The £20 universal credit uplift came as a crucial lifeline to many during the pandemic. Yet, as the worst of the pandemic appeared over at the start of 2021, the government, and in particular Chancellor Rishi Sunak, were eager to remove it.
The uplift was originally scheduled to end in April 2021, but a six-month extension was given after intense public pressure.
By the time the new deadline loomed in September, the case for keeping the uplift was even more present. The country had undergone a sharp spike of inflation over the summer, and an extra top-up to the benefits system was more needed than ever.
It was in this context that Labour proposed an Opposition Day Motion calling for the uplift to be made permanent, with Conservative MPs abstaining.
Yet, despite this, the government let the deadline pass, and half a million people were plunged into poverty overnight. Although Sunak announced some minor tweaks to universal credit in his autumn budget, his policies still left both middle-earners and the unemployed significantly worse off than they had been during covid.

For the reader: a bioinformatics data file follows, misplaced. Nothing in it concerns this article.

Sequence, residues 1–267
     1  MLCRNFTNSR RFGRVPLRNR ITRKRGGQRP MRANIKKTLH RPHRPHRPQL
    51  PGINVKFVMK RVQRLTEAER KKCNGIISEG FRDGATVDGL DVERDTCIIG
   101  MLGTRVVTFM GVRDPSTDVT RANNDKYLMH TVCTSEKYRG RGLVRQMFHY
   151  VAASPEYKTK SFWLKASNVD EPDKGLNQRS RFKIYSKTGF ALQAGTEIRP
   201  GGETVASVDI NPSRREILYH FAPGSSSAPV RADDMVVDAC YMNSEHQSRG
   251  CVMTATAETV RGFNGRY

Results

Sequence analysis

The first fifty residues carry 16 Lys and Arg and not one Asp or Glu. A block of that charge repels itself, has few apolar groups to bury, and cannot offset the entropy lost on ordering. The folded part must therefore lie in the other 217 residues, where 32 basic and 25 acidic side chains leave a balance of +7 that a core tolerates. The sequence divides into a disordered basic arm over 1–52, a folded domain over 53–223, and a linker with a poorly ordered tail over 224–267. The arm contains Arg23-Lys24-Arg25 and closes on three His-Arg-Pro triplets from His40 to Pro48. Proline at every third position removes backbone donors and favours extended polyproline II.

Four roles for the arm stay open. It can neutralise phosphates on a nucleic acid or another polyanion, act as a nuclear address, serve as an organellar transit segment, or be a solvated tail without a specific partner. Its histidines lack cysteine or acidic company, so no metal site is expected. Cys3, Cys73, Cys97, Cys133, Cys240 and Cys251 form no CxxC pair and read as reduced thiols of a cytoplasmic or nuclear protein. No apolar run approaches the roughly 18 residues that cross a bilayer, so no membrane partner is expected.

Once again, this scandal showed the lack of concern which the Conservative party has for the working classes. While small pots of money like the towns fund may do away with some of the visible signs of austerity, little has been done, despite promises of levelling up, to even begin to undo the damage of a decade of Conservative cuts.
Check out the rest of the advent calendar’s entries here, and stay tuned for more releases!